Our next clue surfaced when tucked into the wax myrtles, we spied a beige spot of feathers–an Anhinga chick! Upon closer examination, there were at least two nests with three chicks each in relatively the same location that Anhingas had attempted to nest earlier this spring.

Turns out, our mysterious sound was that of Anhinga chicks begging for food. Listen to some Anhinga sounds courtesy of the Cornell Lab of Ornithology.

We first noticed the chicks at the end of August, which is unusually late, and by the end of September we were watching the fledglings clumsily dance and fly from perches around the pond. Although this year’s first nesting attempt by Anhingas ended in predation, we are excited to see these have success and to solve our mystery!

 

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Naturalist Fact: Black-crowned Night Heron

Black-crowned Night Herons can be found year-round at Little St. Simons Island. These mid-sized wading birds received their name because they are most active during the evening hours, but they can be seen during the day as well. Black-crowned Night Herons are most easily recognized by their piercing red eyes, yellow legs, and black crown. To distinguish them from a Yellow-crowned Night Heron, note that Yellow-crowned Night Herons have a white or yellow crown, not black.

It is suspected that Black-crowned Night Herons forage at night because they are outcompeted in the daytime hours by larger wading birds. While they eat mostly fish, they have developed another interesting hunting strategy: they have been known to nest in the same sites as other herons and egrets, using their protection during the day, and preying upon the other nests at night. This picture was taken early one morning in the rookery at Norm’s Pond—it seems as though this Black-crowned Night Heron is demonstrating this fascinating behavior!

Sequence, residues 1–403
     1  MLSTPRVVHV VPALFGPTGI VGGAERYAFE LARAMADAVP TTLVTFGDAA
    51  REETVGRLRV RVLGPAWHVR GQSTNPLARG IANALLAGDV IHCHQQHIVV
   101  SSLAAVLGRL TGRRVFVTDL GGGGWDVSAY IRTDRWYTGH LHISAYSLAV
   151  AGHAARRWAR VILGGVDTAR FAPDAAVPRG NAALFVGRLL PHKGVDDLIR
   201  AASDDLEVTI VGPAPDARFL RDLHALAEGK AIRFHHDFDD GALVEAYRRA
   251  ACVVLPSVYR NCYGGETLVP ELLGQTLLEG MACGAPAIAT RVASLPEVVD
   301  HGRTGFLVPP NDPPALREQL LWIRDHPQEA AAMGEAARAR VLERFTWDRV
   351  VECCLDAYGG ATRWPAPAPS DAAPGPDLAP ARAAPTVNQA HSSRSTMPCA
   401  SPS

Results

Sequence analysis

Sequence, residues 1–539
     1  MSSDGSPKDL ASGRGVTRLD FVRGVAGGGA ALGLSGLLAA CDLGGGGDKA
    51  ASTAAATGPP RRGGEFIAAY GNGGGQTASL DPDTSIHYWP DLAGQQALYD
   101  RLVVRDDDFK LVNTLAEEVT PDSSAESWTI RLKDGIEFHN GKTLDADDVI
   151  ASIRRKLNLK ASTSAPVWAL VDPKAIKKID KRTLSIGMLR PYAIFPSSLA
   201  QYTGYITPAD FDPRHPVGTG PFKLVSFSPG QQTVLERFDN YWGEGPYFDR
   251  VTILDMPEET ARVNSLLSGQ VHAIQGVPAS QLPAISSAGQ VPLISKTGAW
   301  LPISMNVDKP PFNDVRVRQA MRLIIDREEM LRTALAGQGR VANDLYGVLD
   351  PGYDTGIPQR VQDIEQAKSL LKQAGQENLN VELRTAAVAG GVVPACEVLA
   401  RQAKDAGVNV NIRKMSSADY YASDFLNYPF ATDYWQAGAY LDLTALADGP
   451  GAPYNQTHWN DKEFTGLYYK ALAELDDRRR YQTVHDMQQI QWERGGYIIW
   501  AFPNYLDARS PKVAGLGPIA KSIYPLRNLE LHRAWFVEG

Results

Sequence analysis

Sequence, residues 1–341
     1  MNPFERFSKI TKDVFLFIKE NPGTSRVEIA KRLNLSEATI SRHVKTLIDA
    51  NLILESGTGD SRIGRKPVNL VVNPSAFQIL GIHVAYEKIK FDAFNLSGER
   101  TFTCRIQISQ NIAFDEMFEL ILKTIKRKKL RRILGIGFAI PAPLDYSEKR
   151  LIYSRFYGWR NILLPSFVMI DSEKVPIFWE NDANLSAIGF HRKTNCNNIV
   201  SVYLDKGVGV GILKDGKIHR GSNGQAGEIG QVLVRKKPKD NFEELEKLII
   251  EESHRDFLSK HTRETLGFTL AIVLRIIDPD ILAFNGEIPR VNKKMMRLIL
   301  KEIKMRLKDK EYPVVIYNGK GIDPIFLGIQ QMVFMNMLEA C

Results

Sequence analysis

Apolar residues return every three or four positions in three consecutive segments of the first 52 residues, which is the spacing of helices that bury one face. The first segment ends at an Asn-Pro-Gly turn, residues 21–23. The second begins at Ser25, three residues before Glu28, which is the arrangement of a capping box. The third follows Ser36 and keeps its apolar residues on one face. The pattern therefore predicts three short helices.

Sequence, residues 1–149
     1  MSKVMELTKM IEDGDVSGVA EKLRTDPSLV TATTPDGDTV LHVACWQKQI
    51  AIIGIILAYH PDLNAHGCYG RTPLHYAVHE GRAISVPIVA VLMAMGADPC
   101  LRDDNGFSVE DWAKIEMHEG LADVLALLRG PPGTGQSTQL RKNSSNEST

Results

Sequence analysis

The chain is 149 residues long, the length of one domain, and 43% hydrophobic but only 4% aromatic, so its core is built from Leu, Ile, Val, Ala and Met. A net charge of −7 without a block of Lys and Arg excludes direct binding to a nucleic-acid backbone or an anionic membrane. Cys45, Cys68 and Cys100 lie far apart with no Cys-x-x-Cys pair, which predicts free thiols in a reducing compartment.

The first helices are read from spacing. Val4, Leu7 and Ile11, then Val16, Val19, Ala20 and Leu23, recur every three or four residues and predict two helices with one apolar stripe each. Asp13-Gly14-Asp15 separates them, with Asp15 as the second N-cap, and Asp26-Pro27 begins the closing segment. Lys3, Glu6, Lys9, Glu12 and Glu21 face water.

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It’s nesting time… with a special guest appearance!

Male (dark neck) and female (tan neck) Anhingas at Norm's Pond.

For the past couple of years, wading birds have set up a rookery at Norm’s Pond. This year the usual suspects in their stunning breeding plumage have already shown up.  There are at least four pairs of  Great Egrets who have already nested and are incubating their sky-blue eggs. The Snowy Egrets are in putting on a great show of courtship as they pick their mates. There are also some Tricolored Heron’s hopping about the branches.

The ones that have really gotten everyone talking are the Anhingas! Similar in appearance and ecology to the Double-crested Cormorant that is common here, the Anhinga is a rare visitor to our island. The Anhinga’s range extends from the coast of North Carolina through Texas. They prefer slow-moving freshwater habitats, presumably why we don’t see too many on Little St. Simons Island.

Like the Cormorant, the Anhinga is a dark water bird with a long slender neck. However, the Anhinga has a sharply pointed bill, and whitish/silver feathers on the top of its wings. When in their breeding plumage (like the ones at Norm’s Pond shown in the pictures) they have a brilliant blueish green ring around their eye.

Anhingas nest in small trees or shrubs near the water, and the male begins gathering nesting material before it has a mate. The pair at Norm’s Pond has a nest built, and we eagerly await the eggs, and about a month later, the chicks!

For more information on Anhingas (Anhinga anhinga) check out the Cornell Lab of Ornithology.